Britain strongly reacted Tuesday to a terrorist attack in Afrin, Syria by the YPG/PKK that killed dozens of civilians, including children.   

Minister of State for the Middle East and North Africa James Cleverly said he was “appalled” at the news coming from Syria.  

“I’m appalled at reports that dozens of civilians were killed today by a bomb set off in a marketplace in Afrin, Syria,” he wrote on Twitter. 

“The UK calls on all parties to heed @UN Envoy @GeirOPedersen’s call for a nationwide ceasefire. Syrians have suffered so much already,” Cleverly said. 

At least 40 civilians, including 11 children, were killed Tuesday in a YPG/PKK terrorist attack in northwestern Syria, according to Turkey’s Defense Ministry.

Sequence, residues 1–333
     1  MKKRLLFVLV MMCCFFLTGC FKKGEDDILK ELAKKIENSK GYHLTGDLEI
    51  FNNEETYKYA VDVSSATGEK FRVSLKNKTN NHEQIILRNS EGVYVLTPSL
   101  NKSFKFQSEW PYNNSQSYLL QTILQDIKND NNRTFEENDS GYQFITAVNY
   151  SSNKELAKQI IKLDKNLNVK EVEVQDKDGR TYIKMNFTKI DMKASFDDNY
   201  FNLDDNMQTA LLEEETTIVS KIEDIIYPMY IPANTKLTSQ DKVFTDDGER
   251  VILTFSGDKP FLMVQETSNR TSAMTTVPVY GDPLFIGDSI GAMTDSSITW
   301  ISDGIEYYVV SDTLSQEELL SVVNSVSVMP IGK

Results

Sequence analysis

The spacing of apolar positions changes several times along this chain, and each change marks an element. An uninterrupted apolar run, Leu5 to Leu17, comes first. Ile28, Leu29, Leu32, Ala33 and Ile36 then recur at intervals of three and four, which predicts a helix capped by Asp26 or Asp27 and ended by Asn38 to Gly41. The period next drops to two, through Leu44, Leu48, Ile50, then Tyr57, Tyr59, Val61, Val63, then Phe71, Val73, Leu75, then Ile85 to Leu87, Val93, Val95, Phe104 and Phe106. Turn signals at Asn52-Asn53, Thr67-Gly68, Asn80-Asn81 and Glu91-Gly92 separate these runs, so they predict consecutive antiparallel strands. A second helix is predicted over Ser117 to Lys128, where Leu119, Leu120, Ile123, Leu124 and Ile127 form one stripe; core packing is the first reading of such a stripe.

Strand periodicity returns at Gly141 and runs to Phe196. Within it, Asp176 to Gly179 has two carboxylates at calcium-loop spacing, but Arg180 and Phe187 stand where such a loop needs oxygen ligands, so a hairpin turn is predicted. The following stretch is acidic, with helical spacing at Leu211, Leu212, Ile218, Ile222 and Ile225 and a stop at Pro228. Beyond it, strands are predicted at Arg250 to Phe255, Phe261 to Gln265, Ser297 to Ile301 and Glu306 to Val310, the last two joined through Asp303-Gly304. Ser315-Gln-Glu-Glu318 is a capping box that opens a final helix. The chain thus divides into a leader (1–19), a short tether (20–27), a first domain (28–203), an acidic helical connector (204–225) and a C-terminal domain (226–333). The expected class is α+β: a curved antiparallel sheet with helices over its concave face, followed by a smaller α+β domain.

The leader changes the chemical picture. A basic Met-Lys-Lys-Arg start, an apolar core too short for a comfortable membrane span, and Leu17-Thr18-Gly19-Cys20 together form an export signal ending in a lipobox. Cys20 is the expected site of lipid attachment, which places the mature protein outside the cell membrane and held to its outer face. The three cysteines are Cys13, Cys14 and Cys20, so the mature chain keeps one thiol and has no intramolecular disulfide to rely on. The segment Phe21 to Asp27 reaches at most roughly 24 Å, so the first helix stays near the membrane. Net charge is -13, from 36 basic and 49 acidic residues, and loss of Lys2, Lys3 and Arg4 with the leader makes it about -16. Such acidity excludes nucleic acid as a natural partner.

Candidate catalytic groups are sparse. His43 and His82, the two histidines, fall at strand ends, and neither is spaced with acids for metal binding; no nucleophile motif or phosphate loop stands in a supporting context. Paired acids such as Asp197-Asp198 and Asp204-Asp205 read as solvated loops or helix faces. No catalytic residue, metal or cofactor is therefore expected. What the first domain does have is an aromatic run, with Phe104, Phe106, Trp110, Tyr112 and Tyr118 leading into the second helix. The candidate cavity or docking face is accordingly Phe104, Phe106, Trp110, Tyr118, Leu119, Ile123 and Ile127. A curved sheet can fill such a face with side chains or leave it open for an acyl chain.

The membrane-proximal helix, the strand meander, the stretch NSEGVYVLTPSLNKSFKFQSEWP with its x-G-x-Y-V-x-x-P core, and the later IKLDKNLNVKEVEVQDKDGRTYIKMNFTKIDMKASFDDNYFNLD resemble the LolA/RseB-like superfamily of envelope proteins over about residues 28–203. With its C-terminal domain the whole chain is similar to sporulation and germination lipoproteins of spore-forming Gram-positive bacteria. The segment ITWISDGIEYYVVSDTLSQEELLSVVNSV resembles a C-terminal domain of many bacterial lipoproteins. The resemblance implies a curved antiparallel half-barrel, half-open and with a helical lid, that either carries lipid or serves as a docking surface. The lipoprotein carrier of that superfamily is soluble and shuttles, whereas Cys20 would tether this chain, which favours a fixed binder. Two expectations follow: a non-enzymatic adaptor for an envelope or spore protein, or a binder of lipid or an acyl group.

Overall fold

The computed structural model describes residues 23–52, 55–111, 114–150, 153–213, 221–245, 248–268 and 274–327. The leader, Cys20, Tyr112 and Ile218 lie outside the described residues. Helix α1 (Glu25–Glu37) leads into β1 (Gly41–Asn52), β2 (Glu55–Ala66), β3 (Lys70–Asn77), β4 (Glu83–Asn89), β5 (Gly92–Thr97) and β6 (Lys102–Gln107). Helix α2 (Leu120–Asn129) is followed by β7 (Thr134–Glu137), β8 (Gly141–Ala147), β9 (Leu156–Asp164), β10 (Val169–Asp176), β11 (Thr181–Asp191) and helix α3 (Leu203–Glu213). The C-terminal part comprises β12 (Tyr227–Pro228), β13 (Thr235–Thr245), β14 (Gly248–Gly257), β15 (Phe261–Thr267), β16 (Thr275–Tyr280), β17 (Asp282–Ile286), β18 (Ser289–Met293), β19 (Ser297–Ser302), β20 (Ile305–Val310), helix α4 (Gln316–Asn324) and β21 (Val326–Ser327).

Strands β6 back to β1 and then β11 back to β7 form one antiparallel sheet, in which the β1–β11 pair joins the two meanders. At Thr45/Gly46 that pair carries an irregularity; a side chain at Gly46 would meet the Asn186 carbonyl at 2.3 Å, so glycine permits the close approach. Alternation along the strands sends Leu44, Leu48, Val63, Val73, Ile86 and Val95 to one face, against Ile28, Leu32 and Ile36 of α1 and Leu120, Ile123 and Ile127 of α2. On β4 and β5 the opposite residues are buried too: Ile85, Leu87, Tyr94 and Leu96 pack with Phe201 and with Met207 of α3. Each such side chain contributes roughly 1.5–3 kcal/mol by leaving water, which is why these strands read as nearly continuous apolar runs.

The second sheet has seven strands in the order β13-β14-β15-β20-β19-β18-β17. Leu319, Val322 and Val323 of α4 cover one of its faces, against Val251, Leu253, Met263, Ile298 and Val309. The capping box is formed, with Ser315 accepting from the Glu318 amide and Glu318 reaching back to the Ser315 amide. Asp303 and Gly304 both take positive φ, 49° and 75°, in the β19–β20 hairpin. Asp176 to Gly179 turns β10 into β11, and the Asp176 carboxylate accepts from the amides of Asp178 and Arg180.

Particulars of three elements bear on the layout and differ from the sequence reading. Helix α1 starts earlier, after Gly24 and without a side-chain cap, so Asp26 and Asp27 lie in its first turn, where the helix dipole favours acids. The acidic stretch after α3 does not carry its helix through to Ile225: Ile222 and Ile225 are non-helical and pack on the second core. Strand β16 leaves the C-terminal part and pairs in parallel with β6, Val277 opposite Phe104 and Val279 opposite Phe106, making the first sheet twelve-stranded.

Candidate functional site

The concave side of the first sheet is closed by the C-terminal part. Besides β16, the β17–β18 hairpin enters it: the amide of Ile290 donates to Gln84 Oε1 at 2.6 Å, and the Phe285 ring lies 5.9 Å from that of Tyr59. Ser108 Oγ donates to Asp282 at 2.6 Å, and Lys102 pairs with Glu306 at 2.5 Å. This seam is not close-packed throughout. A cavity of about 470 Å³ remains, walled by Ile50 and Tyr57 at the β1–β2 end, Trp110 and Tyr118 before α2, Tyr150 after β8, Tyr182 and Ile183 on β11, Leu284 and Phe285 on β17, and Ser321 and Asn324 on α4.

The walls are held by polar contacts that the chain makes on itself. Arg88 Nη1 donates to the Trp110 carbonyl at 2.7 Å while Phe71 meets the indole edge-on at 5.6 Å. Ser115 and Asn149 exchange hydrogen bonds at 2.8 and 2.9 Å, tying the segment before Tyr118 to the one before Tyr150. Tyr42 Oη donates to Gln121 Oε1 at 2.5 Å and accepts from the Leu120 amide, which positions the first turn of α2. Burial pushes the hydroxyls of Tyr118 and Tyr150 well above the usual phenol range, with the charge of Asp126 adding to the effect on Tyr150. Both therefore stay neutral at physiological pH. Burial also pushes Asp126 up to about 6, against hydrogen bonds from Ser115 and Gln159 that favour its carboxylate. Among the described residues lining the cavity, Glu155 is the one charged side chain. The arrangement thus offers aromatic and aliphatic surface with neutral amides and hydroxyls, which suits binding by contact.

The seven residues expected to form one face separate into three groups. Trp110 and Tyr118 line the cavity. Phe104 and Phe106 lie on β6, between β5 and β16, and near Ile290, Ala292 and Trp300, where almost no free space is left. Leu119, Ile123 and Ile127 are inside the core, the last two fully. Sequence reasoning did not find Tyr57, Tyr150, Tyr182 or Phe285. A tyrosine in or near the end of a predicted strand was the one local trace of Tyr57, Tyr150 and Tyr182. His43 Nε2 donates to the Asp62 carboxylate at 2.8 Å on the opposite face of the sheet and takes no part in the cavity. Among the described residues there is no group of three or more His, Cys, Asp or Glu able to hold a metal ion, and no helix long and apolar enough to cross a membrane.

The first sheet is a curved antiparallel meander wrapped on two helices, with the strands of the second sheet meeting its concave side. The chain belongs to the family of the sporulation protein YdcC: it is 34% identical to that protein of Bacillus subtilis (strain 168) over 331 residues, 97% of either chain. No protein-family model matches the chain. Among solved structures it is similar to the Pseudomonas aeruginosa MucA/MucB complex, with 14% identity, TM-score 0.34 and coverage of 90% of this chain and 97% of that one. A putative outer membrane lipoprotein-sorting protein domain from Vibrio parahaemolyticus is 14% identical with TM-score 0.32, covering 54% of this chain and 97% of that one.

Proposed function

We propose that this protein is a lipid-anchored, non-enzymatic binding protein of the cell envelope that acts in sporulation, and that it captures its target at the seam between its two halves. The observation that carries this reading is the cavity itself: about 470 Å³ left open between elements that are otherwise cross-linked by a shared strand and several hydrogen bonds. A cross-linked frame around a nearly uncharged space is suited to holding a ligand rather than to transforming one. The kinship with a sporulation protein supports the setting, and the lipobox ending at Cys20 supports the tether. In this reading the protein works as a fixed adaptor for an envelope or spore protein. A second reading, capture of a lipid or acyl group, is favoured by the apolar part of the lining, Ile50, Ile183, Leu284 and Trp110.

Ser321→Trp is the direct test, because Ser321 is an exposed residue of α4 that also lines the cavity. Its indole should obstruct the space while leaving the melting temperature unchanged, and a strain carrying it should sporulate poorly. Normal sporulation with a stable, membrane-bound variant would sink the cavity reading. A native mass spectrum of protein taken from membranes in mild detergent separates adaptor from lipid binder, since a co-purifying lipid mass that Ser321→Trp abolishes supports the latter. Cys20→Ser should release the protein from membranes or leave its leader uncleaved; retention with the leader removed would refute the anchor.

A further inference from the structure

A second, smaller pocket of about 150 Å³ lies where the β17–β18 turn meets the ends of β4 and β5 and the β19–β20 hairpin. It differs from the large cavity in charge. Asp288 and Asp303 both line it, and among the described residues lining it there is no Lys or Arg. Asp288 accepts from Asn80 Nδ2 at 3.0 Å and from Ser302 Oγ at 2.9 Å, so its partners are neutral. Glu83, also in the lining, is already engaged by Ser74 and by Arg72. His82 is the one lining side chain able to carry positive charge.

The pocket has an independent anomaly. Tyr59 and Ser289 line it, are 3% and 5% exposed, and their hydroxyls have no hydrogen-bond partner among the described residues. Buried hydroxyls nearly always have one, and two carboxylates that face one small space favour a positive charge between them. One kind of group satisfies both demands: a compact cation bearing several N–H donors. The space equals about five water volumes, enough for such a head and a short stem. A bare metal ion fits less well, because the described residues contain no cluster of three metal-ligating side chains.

At least 47 others were wounded in the attack in the Afrin city center carried out using a bomb-rigged fuel tanker, the ministry said in a tweet.  

Many buildings were damaged on Raju Street where the fuel tanker exploded, and medical personnel took the wounded to hospitals in the center of Afrin.  

In January 2018, Turkey launched a major military operation – Operation Olive Branch – to rid Afrin of YPG/PKK terrorist elements and liberated the city and province that March. 

Since 2016, Turkey has launched a trio of successful anti-terrorist operations across its border in northern Syria to prevent the formation of a terror corridor and enable the peaceful settlement of locals: Euphrates Shield (2016), Olive Branch (2018) and Peace Spring (2019). 

In its more than 30-year terror campaign against Turkey, the PKK – listed as a terrorist organization by Turkey, the US and European Union – has been responsible for the deaths of 40,000 people, including women, children and infants. The YPG is the PKK’s Syrian offshoot.

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